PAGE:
Balance transfers don’t hurt your credit, but transferring a balance can indirectly cause credit score damage. When you apply for a balance transfer credit card, it will generate a hard inquiry on your credit report, causing a slight dip in your credit score. If you transfer a balance to an existing credit card account, however, there is no hard inquiry and no credit score damage. … read full answer
Balance transfers don’t hurt your credit score directly. But when you apply for a balance transfer credit card, it will generate a hard inquiry on your credit report, causing a slight dip in your credit score. If you transfer a balance to an existing credit card account, however, there is no hard inquiry and no credit score damage as a result. A balance transfer could still result in high credit utilization, though, and even allow you to rack up more debt than you can afford, if you’re not careful. Both of those things can hurt your credit score.
So, the act of transferring a balance itself won’t affect your credit, but it will indirectly alter several key components of your credit profile, from utilization to the age of your accounts. These changes might lower your score a bit in the short term. But over time, interest savings and the ability to pay off your debt faster should make transferring a balance a net positive for your credit score.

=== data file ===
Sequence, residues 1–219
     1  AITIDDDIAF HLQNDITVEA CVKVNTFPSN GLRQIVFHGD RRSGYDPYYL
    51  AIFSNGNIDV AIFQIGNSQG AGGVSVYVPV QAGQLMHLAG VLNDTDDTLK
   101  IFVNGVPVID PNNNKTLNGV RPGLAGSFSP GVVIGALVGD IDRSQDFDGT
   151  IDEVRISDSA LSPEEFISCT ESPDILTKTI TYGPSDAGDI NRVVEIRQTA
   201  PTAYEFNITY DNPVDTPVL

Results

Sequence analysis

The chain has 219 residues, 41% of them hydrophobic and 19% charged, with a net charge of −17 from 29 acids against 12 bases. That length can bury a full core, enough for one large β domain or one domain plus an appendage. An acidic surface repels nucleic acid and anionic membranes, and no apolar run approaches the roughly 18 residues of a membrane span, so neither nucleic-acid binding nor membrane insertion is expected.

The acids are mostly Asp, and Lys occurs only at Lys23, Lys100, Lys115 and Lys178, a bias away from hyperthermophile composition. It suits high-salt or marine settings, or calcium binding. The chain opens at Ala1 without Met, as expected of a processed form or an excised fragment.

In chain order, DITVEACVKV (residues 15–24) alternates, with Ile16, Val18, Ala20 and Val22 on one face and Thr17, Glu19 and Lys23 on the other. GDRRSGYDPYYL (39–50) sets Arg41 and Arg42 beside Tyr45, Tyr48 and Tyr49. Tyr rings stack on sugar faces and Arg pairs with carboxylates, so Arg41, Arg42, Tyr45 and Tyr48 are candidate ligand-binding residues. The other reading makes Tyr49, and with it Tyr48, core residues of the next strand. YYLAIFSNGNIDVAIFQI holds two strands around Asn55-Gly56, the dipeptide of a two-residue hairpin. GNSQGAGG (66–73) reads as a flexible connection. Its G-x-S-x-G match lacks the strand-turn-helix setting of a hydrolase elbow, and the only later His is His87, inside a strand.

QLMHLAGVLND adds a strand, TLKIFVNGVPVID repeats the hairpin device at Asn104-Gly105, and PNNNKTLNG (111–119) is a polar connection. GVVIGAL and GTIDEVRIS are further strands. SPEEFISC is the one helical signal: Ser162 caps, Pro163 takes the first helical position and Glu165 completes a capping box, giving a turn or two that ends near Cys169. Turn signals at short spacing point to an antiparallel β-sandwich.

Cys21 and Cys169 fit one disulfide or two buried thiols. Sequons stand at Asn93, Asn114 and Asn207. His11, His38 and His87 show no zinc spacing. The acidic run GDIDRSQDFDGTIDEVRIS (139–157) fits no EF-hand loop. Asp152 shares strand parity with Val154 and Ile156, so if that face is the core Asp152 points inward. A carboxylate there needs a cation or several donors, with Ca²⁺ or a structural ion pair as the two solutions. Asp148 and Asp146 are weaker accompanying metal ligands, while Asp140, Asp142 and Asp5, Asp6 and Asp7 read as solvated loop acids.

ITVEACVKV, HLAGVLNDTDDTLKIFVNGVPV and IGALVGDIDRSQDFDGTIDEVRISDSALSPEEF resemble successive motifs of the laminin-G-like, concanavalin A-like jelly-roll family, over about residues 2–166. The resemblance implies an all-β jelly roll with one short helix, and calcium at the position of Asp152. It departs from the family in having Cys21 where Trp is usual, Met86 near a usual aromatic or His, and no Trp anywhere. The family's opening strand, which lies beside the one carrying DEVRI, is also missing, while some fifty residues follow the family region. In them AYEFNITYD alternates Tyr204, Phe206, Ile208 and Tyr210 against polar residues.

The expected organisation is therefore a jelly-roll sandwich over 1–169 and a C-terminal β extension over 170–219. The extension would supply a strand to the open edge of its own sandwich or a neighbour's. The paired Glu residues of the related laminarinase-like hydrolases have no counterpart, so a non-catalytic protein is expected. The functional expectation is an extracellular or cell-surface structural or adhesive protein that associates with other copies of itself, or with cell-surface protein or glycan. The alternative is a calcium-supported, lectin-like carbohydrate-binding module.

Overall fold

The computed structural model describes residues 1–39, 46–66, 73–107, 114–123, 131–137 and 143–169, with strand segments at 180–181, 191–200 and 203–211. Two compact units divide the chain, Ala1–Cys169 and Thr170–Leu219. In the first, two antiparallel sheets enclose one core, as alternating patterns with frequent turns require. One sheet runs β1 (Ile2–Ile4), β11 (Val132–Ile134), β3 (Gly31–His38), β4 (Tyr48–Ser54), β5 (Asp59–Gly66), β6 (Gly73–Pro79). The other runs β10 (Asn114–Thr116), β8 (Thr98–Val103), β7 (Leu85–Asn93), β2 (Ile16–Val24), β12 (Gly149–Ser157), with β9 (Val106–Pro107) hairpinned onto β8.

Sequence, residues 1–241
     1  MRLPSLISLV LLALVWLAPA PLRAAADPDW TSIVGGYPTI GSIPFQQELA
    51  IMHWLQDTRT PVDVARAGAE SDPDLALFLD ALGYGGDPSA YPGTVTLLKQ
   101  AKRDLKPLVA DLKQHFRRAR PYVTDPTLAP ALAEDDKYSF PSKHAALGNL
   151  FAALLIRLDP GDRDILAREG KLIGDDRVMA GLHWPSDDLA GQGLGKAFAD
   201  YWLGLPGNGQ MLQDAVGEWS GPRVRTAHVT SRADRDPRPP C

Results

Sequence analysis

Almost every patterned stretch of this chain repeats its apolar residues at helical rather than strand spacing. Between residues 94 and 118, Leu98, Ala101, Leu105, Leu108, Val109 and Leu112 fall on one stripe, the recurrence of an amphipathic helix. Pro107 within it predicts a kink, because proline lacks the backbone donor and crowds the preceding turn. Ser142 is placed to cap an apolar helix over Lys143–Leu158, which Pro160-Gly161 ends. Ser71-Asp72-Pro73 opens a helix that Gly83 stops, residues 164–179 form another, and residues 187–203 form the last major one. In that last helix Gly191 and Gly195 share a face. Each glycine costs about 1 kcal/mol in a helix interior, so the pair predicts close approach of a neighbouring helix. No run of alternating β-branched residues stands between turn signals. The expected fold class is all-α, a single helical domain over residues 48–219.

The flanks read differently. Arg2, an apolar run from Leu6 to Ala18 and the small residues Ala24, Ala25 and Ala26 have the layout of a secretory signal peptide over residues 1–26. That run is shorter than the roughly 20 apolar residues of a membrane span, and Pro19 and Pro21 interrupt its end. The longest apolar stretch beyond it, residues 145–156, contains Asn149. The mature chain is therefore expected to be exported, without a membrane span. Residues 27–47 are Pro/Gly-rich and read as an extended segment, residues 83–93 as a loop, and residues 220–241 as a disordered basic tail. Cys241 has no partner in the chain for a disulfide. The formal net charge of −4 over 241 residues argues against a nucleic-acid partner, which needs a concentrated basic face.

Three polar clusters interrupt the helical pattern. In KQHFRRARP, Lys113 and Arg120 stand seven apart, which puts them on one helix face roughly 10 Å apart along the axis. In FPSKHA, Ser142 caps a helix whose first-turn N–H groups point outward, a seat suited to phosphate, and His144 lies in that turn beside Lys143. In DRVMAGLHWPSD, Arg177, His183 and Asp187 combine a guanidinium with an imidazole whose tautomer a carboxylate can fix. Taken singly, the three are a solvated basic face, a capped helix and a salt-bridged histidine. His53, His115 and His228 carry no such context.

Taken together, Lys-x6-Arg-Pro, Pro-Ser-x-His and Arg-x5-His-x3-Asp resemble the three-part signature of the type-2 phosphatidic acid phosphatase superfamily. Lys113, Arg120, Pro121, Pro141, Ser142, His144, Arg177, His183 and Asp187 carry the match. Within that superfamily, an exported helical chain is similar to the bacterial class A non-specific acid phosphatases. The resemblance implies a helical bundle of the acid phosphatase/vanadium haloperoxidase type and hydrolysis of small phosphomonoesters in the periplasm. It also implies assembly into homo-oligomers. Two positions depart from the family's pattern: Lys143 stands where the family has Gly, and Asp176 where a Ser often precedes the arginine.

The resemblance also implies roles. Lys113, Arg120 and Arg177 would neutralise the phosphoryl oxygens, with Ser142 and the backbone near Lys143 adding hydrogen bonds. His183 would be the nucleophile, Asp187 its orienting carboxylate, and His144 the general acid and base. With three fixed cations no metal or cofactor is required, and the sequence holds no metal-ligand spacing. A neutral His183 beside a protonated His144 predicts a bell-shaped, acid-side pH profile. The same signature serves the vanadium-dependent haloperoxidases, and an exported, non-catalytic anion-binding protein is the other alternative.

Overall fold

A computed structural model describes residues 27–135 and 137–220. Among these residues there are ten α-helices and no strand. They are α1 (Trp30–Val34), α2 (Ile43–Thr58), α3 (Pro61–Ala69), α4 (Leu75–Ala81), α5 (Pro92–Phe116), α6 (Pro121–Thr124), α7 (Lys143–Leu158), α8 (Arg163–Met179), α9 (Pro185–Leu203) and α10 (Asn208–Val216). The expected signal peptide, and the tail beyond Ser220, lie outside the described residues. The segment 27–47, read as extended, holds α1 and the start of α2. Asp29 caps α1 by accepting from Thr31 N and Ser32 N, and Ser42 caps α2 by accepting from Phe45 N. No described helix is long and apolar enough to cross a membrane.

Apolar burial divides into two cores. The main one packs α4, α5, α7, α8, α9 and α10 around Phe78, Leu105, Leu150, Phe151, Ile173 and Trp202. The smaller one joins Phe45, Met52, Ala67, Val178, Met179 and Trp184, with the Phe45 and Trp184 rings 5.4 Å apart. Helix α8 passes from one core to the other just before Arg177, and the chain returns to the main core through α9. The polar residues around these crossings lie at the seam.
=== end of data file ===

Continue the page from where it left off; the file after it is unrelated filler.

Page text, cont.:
Here is how a balance transfer could hurt or help your credit:
Balance transfers can take up to three weeks, or be completed in just a few days, after you make a request or apply for a card. Transfers to new accounts may take longer than existing accounts. Continue making payments on your original account in the meantime to avoid hurting your credit score.
If you apply for a new balance transfer card, the resulting hard inquiry will likely cause a slight dip in your credit score for up to 12 months.
Adding a new balance transfer card will reduce the overall age of your accounts, which can have a slight negative impact on your score.